Just 3 out of 399 private Jeju academies snagged in crackdown
Just 3 out of 399 private Jeju academies snagged in crackdown
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The Jeju Special Self-Governing Provincial Office of Education (POE) announced on June 11 that three private academies (hagwon, in Korean) were caught violating provincial education regulations.

The POE and the Ministry of Education, Science and Technology collaboratively conducted a crackdown from March to May on illegal private institutes and found that of the 399 recorded on the island, three were operating illegally. The POE hired five employees in January 2012 to conduct a detailed review of private institutes.

Since the implementation of the five-day school week in March (http://www.jejuweekly.com/news/articleView.html?idxno=2445), private institutes have seen an increase in business as parents are keen to send their children for extra study.

Each of the three institutes was caught reporting false income, teaching past the designated hours, and concealing the employment and dismissal of teachers. However, private institutes accepting boarding students during weekends were not found on Jeju, whereas 22 were caught nationwide, 11 in Gyeonggi province, six in Seoul, two in Gyeongnam province, and one each in Daegu, Chungnam, and Jeonnam.

Jeju recorded the lowest number of illegal institutes in the nationwide crackdown. One Jeju POE official who requested anonymity told The Weekly in a telephone interview that the close bond between Jeju residents might have worked as a deterrent to these kind of illegal business practises.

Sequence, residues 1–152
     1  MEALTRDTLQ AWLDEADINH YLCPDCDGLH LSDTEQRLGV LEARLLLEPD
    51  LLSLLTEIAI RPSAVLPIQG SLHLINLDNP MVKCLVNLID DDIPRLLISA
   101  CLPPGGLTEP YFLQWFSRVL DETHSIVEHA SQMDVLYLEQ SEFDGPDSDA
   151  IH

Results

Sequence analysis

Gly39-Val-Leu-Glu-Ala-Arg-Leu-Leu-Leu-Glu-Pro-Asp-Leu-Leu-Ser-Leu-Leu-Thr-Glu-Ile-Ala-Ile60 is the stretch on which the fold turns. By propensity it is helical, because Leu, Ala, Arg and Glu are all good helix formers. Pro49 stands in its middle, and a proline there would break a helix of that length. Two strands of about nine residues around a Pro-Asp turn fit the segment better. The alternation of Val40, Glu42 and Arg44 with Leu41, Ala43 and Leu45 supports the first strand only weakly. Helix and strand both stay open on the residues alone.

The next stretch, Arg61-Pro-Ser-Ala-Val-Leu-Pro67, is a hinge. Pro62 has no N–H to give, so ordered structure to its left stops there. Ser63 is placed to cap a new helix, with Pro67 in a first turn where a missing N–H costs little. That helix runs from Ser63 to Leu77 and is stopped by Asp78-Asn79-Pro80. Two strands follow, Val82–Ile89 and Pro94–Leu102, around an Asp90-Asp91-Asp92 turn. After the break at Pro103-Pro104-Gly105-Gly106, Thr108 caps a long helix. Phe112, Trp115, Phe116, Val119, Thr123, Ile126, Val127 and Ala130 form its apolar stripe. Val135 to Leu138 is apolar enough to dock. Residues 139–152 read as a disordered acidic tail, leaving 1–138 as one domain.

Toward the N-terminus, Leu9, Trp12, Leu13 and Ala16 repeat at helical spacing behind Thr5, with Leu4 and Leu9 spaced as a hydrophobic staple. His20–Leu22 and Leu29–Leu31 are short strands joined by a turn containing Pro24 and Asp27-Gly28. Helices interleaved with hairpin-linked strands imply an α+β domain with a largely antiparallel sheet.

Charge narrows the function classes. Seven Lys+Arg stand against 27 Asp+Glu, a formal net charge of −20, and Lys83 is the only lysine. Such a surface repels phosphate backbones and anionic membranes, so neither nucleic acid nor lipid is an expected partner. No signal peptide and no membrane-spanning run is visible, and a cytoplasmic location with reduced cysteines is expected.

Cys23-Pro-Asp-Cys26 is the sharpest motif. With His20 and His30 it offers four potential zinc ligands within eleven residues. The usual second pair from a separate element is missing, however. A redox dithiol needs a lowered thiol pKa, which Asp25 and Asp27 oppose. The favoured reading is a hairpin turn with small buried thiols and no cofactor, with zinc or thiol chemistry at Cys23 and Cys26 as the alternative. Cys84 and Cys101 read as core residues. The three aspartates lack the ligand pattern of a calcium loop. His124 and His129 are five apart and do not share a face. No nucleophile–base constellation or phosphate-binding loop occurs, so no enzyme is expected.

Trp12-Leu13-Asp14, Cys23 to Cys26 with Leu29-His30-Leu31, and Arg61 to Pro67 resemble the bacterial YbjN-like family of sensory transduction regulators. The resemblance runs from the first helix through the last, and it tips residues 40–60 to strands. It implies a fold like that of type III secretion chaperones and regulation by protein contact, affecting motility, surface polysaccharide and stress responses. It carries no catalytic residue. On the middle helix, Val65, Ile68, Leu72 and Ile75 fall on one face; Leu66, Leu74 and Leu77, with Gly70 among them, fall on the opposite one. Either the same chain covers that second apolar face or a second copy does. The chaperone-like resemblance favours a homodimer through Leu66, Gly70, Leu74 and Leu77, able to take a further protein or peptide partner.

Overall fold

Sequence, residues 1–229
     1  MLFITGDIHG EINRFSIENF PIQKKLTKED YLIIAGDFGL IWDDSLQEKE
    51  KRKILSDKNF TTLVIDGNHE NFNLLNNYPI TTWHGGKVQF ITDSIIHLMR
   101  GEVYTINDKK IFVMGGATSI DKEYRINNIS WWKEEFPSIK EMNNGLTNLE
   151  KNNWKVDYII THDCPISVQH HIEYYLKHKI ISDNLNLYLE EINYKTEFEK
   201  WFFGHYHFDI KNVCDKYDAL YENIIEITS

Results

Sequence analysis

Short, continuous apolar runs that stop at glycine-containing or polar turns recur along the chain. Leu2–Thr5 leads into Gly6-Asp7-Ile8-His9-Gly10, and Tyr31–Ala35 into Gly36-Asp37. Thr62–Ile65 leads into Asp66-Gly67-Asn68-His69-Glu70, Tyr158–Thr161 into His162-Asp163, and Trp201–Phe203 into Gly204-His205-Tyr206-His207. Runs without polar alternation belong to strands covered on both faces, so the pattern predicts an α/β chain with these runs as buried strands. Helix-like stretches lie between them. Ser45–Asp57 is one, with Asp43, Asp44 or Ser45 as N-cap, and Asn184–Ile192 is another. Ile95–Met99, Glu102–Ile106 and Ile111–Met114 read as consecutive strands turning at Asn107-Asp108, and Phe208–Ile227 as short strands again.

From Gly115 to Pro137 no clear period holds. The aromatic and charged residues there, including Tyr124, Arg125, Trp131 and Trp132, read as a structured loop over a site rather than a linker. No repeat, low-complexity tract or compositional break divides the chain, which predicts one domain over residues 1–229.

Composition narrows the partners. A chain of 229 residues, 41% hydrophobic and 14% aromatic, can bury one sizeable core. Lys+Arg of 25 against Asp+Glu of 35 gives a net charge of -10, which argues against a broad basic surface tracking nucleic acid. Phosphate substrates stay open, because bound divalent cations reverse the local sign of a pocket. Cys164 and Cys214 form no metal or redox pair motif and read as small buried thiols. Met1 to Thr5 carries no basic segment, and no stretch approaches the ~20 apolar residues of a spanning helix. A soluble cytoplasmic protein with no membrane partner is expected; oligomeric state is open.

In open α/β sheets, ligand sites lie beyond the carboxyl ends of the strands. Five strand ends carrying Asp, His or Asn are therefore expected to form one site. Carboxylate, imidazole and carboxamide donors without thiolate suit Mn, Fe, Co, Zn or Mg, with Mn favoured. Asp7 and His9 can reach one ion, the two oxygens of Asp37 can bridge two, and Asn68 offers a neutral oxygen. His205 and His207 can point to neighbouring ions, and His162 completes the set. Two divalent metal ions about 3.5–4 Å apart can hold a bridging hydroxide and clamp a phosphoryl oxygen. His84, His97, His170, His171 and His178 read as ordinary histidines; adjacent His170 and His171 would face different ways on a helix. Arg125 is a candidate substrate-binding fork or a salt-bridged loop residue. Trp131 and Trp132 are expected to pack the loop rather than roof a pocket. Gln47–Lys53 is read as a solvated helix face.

In a related story, Jeju City announced on June 13 that Jeju students recorded the highest average score in the 2012 College Scholastic Aptitude Test (CSAT). Jeju has topped the CSAT score three years in a row. This is surprising because Jeju students, compared to students from big cities, lack information regarding the rigors of university entrance exams. The island’s success is being interpreted as a result of the teacher’s dedication and student’s enthusiasm for learning.

Jeju’s pre-high school education system, university consulting team, and the Modadeulung (Jeju dialect meaning “to gather up here”) Project mainly contributed to this result. Jeju is providing pre-high school education for middle school graduates during winter vacation. Jeju is the only area in Korea enacting the pre-high school education system. This program was first implemented in 2010 with an investment of 270 million won to assist students to effectively manage their time. Also, a university consulting project, which consists of 54 teachers working since 2007, was established to give university entrance information to students and parents. The Modadeulung Project is a team-teaching project to lessen the knowledge gap among students.

It is expected that Jeju City will put forth more effort to crack down on illegal private academies, while at the same time strengthening its public education to maintain its record.

(With reporting by Kim Gwan Tae and Go Gyeong Yeop, Headline Jeju reporters)

<Kim Hyo Jeong, intern editor@jejuweekly.com ⓒ Jeju Weekly All rights reserved>

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